I tend to work in places of war and conflict, and that has tended to mean that the unburied ghost of colonial past is still wreaking tragedy in its gyre of resolution or dissolution, like a series of cyclones devastating a helpless undeveloped nation. Since I am a white male, my white-male gaze has made my positions quite defenseless, and I have sometimes been criticized for taking politically incorrect views (and I don’t tend to take positions in my practice, though I have them personally, of course, but do try to assume a neutral, non-didactic aesthetic strategy, which is itself a position, though it may not immediately appear to be). Being Irish, though, has allowed me to remain unapologetic, steering clear of the horrors of political correctness that white males often have thrust upon them in the course of their privileged, embarrassed discourse. It has also allowed me to travel freely in rogue nations who feel kinship with us Irish rogues. So, being Irish has allowed me to be more fully me, even though I don’t at all subscribe to any national identity.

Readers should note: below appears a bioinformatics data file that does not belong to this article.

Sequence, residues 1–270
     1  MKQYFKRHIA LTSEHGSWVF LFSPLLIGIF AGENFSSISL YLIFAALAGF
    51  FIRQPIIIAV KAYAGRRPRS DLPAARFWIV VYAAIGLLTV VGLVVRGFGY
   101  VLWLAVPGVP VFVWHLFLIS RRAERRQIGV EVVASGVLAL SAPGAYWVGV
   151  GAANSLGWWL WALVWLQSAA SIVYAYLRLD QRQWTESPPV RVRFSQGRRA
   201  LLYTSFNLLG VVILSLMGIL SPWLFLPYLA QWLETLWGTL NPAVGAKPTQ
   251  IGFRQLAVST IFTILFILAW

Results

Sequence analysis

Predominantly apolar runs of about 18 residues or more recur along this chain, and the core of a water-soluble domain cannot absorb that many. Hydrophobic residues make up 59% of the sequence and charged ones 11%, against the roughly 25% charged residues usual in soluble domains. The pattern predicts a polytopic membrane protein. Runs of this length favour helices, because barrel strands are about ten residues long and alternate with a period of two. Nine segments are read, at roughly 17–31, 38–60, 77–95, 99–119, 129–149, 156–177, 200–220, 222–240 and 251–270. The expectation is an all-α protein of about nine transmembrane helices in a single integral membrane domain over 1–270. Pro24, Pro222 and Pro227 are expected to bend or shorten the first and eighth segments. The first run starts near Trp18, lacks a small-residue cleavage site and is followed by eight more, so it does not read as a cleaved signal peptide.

Richard Mosse artist statement Changing States: Contemporary Irish Art and Francis Bacon’s Studio exhibition (2013)
|Dimensions||71.12 x 88.9 cm Framed: 73.34 x 91.44 x 4.44 cm|
|Credit Line||IMMA Collection: Purchase, assisted by funding from Maire and Maurice Foley, 2012|
|Edition||Edition 1/5 with 1 A/P|
|Not on view|
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